I knew that the nutrition project workplans were following evidence-based strategies but that there needed to be more to meet the needs of the unique Native American communities that we serve.  Which is why I focused on these proven strategies:

1. Data Gathering: Working with project partners from the MI Public Health Institute helped to collect survey information from the Food Distribution on Indian Reservations’ (FDPIR) Managers.  We learned that the USDA funded program- FDPIR offers a wide selection of healthy foods including fresh, frozen, and canned produce along with a decent protein selection and some traditional foods.

The USDA FDPIR program respects cultural food preferences and utilizes input from tribal representatives to decide which traditional foods (walleye, salmon, squash, wild rice, etc.) should be included in their program “food package”. We learned from our community member survey that even though the participants who qualify for this income-based program may select from an impressive variety of food, they were not selecting the fresh produce or healthier foods as often.  And, that some people did not know how to cook non-processed foods or how to keep some of the fresh foods from perishing or they lacked an understanding of the health benefits of eating these types of foods.  

2. Community-Based Approaches: Listening to the feedback from the tribes, we tailored program objectives 1) increasing selection and consumption of healthy traditional foods from FDPIR programs 2) increasing cooking skills and culturally appropriate nutrition education through in person cooking demonstrations and handouts and 3) strengthening relationships between FDPIR sites and tribal Dieticians for sustained nutrition education outreach.

Oh-Oh, something happened in 2019-2021 and all planned in person activities came to a screeching halt, can you guess what it was? Dare I say it?  COVID-19.  Enough said.

3. Culturally Appropriate Modifications:   With feedback from participating tribes, we revised our nutrition education outreach to be digital/virtual, while also culturally appropriate and engaging.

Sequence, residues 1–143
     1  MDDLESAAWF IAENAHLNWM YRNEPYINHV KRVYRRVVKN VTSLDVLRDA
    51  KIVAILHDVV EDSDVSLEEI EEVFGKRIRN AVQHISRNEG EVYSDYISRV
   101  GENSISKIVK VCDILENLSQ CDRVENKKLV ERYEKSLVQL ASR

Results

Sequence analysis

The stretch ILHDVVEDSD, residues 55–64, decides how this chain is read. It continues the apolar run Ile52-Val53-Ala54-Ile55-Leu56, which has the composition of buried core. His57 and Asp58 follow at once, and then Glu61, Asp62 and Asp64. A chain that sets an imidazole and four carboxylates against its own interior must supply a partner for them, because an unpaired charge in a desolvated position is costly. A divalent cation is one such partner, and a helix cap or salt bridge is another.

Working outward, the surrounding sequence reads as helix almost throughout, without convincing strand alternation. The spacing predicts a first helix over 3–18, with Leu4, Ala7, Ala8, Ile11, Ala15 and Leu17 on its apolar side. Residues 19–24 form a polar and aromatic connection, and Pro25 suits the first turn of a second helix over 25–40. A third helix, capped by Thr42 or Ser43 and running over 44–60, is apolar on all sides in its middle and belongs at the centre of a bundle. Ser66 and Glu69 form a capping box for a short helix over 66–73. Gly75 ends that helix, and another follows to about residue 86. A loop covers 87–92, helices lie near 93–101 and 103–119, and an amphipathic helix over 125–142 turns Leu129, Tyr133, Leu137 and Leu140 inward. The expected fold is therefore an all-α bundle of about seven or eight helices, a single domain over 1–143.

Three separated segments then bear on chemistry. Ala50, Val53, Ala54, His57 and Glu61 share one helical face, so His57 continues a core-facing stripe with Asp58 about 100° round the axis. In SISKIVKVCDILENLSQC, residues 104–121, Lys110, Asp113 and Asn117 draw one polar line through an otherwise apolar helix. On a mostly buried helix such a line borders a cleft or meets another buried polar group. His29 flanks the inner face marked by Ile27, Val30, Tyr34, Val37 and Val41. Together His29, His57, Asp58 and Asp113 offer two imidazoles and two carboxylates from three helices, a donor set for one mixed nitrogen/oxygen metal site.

To my surprise, what began as another public health project, increasing the access and consumption of healthy foods, resulted in a beautifully designed and uniquely illustrated collection of Anishinaabek inspired recipes, cooking demonstration videos, cookbooks, posters, and recipe cards known today as the Anishinaabek Cooking Resources (ACR).  I could not have imagined that I would be working so closely with those in the creative world.  Noel was right, this was fun!

4. Dissemination:  We encourage the wide distribution of these ACR with the hopes that others may also enjoy the benefits of healthier eating and the Anishinaabek inspired recipes. The ITCM is re-featuring these recipes and materials through its Facebook and Instagram.

I have tried several of the recipes and to date, my personal favorite happens to be the recipe featured for March, the Walleye Chowder. I was fortunate to be able to use Walleye that a friend caught and gave to me, it was so delicious, I am going to make it again and soon. Probably on a Sunday though, when I have a little more time.


Cathy Edgerly has worked with the Inter-Tribal Council of MI for over 20 years in its Health Education and Chronic Disease Department managing a variety of disease prevention programs.  She is happy to report that her cooking skills have improved since the inception of the ACR initiative.

 *The five participating program tribes include the Little Traverse Bay Bands of Odawa Indians, the Hannahville Indian Community, the Pokagon Band of Potawatomi Indians, the Keweenaw Bay Indian Tribe, the Sault Ste. Marie Tribe of Chippewa Indians, and the Bay Mills Indian Community.